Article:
All that makes perfect sense, but, while our little Covey didn’t fit into these parameters, when we first made our tender steps on this wonderful land, we also experienced food problems.  There were foods we missed such as shop prepared fish and chips carefully wrapped in copious sheets of newspaper.  

Please note: There's NO nice white paper between the food and the newspaper!
Please note: There's NO nice white paper between the food
and the newsprint! 
It all adds to the flavour.

Or maybe we had fond memories of the penny crackling?  For those that don’t know what crackling is (please don't confuse it with the North American "pork crackling" which might be said to have a modicum of nutrition) - it’s the crispy bits of batter that drop off the edges of the fried fish, and really should be scooped up and thrown out.  All that lovely fried greasy batter! Waste not want not!

Crackling in all its glory

At the post-war time that we immigrated, the typical Londoner still had a very limited diet.  Although in our household the effort was made to have three colours on a plate: brown, white and green, which on a good day was represented by bangers and mash with green leaves of some kind. There were times when a change was called for.  If you remember the story of Sweeney Todd, you’ll realise that meat-pies are a favourite meal.  Anytime that you could wrap meat in a piece of pastry you had a winner.  From the fancy Beef Wellington to the cold dish stand-by: Veal and Ham pie. Of course, a serving of Pie and Mash was the piece de resistance for our cockney taste buds.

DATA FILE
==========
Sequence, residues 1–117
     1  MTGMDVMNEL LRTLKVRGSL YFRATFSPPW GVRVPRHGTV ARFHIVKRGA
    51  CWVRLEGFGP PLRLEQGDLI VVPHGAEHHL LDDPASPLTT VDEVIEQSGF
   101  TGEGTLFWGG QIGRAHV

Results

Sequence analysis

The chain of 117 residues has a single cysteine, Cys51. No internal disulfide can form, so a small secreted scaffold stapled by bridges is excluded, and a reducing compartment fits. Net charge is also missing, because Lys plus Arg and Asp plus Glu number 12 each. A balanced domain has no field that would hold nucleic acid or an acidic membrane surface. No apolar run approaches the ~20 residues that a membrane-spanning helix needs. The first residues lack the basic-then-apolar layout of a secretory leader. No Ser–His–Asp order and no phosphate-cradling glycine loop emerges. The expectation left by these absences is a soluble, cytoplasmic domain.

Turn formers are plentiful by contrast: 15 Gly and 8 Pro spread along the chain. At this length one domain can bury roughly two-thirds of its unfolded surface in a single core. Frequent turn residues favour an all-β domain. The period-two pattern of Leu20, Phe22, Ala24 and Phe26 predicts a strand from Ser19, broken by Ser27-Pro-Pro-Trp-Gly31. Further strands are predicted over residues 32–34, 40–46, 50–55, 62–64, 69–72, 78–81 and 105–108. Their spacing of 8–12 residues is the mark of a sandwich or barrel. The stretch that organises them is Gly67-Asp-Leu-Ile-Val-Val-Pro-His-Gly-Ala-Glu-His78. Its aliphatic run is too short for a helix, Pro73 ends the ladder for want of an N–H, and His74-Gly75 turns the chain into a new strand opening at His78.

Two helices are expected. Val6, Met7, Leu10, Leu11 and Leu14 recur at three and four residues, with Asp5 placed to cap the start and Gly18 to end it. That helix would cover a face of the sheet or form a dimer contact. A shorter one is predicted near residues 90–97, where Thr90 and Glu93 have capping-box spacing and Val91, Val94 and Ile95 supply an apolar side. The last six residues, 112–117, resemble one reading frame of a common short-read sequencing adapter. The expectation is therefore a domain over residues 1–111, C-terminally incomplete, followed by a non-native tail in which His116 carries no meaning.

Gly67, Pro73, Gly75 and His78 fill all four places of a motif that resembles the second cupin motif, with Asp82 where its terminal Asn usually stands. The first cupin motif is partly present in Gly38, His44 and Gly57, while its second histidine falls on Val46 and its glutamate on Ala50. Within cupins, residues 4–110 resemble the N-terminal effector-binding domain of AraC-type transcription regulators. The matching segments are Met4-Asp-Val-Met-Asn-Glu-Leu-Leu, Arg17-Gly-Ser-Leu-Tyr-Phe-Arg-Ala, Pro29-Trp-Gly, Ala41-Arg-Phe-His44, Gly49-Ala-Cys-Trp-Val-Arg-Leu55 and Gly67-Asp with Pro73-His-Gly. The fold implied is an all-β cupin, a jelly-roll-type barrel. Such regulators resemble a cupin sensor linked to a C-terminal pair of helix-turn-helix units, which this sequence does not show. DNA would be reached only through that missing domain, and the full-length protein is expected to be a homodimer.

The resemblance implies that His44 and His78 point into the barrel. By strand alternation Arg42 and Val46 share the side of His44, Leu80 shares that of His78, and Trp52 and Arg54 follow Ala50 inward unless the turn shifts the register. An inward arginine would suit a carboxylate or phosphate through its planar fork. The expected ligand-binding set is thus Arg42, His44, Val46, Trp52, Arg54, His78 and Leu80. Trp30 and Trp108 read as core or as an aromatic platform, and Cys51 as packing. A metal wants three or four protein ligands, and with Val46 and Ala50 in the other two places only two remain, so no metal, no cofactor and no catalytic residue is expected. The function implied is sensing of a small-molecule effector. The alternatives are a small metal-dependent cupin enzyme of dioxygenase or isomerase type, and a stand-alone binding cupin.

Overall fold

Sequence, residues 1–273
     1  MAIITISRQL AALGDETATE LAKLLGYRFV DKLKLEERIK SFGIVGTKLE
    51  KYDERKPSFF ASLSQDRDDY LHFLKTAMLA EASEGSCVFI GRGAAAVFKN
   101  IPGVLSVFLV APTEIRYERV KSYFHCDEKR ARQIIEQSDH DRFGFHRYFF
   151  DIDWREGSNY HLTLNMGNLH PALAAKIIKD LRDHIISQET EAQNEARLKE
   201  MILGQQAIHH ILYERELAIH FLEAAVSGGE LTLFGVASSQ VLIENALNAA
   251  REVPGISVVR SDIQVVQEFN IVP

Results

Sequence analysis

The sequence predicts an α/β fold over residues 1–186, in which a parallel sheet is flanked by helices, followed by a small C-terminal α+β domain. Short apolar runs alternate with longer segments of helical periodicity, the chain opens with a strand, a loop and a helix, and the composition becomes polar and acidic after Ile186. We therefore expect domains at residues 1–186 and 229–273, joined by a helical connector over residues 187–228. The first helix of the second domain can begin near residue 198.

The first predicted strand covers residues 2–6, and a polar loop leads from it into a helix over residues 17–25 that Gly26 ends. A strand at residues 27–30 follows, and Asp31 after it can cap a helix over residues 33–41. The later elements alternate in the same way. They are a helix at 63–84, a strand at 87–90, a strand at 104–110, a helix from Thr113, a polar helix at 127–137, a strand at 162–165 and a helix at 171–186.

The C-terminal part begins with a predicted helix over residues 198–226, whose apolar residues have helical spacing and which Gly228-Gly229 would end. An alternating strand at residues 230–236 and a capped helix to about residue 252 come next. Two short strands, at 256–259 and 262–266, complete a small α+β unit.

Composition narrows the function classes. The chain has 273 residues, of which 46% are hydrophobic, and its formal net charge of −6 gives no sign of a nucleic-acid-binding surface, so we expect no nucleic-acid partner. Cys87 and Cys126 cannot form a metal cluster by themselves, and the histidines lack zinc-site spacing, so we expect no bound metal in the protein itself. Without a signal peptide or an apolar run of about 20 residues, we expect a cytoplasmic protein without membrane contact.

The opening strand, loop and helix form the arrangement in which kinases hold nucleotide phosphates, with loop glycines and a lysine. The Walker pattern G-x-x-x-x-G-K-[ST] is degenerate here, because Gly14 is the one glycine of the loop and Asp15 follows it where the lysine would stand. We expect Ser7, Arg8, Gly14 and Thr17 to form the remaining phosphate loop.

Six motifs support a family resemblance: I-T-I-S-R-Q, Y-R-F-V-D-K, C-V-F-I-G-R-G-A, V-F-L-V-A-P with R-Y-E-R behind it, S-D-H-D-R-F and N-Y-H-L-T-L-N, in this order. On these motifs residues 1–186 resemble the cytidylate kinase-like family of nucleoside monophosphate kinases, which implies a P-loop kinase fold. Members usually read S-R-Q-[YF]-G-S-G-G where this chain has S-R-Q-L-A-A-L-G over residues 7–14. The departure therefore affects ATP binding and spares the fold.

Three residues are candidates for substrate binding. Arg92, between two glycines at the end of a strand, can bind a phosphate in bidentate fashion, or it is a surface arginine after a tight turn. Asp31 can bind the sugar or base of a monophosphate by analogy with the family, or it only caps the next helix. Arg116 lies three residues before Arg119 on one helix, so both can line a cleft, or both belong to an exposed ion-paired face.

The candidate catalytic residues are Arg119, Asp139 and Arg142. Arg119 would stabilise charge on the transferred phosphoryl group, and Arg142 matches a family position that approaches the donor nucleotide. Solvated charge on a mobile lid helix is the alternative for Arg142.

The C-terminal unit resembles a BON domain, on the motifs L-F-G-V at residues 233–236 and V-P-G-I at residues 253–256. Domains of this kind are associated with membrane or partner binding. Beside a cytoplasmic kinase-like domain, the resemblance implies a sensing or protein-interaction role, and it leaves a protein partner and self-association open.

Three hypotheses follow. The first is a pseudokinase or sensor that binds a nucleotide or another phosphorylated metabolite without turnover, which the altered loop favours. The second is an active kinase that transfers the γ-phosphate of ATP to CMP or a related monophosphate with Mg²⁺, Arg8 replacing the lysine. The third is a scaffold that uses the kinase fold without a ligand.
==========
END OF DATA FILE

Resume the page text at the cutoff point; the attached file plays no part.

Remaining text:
Potatoes - always scraped onto side of plate.
Green gravy called "liquor" coloured with parsley.
Pie, usually served upside down.

These were all foods that no household actually cooked.  Maybe the fish and chips, but the Pie and Mash never! 

In Canada there were few if any fish and chip shops; Pie and Mash establishments were totally non-existent, and still are. When we fancied any of these gourmet delights, we either made them ourselves or did without.

These were very small deprivations.  Canada is the land of plenty!  Our biggest problems were identifying the wondrous foods that were available in the supermarkets.

What exactly was a cantaloupe?  Did you need to cook a pumpkin?  How about the seeds in a watermelon?  Should you eat them?  The bacon looked a bit paltry, instead of a large rasher you had ribbons of mostly fat with a few streaks of meat. That was until you discovered “Canadian bacon”!  Mostly though, there was no cause for complaint about the food:  there was so much variety and so much quantity it was wonderful.